Galahad Porter has recently published her new novel At Reception and to celebrate she offers her top tips for writing.
Write on regardless and let it evolve naturally
My number one tip to anybody who has dreamed of writing fiction is to do just that. Write. Write down whatever comes into your head. Keep a notebook handy, you may need it at 1am. Don't even think of spelling, grammar, the reader, anyone else. Whatever you start writing will have changed considerably by the end, so let it evolve, don't start trying to straightjacket it from day one. Word processing software means you don't have to worry about fine details - there is plenty of time for that later, the important thing is to keep the momentum going.
Set a time and place to write
Set a time and place every day when you will write something. Say to yourself, if I type 1000 words a day my novel will be done in 100 days. It might not look like a novel, but it will be a base to work on. But be realistic, reworking and editing will probably take longer than writing the first draft. It's important you don't get disturbed when writing. Lock yourself away and drift off to where your novel is set. Writing is tiring on the eyes, so I prefer to 'write with a view'. I like to have something to look at in the distance - a bird feeder does for me!
Draw up a time-line... but stay free of it
Inspiration comes from all directions: don't start with page one and type to page 300. Draw up a spreadsheet with characters names listed down the left hand column, and dates/chapter numbers across the top. Fill the boxes with events as your story evolves. This helps make sure everything happens in the correct sequence, and gives you a visual feel for the balance of the book. Best of all, it sets you free to write different storylines as they take your fancy, to be woven into a novel later. Your characters had a life before you brought them into your novel, so make sure you make historical notes too, which is also useful if you end up writing a prequel! Warning: don't let the spreadsheet control your novel, nothing is set in stone and overwrite and move the boxes if that works better!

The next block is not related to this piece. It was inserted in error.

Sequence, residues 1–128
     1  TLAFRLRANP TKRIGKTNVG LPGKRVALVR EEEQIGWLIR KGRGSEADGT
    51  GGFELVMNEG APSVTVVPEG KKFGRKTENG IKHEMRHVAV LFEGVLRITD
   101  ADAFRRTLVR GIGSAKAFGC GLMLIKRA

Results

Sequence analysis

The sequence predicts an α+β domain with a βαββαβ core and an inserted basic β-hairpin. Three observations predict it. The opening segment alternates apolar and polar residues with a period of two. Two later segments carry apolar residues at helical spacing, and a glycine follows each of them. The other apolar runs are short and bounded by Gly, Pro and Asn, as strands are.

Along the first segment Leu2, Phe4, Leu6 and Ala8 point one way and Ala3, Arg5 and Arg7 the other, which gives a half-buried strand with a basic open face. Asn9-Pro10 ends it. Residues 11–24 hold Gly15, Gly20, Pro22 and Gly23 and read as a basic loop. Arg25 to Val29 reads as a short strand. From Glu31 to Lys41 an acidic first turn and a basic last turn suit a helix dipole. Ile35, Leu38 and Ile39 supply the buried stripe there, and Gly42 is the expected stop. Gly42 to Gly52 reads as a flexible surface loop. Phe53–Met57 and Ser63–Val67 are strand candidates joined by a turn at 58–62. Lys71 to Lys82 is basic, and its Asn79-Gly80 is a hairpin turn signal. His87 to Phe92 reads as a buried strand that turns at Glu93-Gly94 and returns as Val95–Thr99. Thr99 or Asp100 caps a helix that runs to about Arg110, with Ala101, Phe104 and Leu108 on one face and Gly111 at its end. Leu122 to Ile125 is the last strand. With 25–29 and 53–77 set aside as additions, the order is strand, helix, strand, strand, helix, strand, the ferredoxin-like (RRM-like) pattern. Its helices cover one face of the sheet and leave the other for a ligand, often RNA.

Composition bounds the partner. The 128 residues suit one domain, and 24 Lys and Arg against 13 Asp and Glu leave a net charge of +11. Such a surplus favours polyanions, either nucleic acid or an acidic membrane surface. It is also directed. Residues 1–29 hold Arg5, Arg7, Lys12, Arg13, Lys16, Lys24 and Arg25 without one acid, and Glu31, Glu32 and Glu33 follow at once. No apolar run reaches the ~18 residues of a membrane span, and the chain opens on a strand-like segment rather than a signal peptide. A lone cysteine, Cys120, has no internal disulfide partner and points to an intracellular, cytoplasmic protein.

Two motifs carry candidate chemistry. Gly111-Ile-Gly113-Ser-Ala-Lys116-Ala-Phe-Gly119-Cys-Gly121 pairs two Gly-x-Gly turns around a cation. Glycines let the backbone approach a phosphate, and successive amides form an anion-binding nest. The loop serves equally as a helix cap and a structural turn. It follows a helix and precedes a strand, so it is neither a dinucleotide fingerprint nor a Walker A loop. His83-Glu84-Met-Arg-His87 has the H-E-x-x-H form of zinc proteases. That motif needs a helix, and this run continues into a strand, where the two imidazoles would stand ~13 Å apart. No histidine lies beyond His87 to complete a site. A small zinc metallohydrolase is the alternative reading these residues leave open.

Know your subject
Only write what you know about. If you don't know about something then research it, and it's especially important to speak to people who have experience of it. What I call 'synthetic fiction', where the writer only has a superficial knowledge of the subject, can lack the insight that makes the story come alive. My latest novel is about a female hotel receptionist and her issues. How did I write that? As a child I was brought up with two sisters and regular reading of women's magazines 'problem' pages. That only led me to a series of failed relationships, all-in-all a good grounding for writing! Although I have stayed in many hotels, and some for months at a time, to make the world of reception realistic I needed help from a highly experienced hotel receptionist.
Select character names and places carefully
Choosing character names is my single biggest headache. Think of a name and search it on your web browser and somebody will have that name, and chances are a similar profile to your character. You certainly cannot use names of well-known personalities or trademarked names. Fiction is often controversial, and your characters may have traits someone of the same name would get upset about. To avoid libel and trade mark infringement take advice, you don't want to blow it all accidentally!
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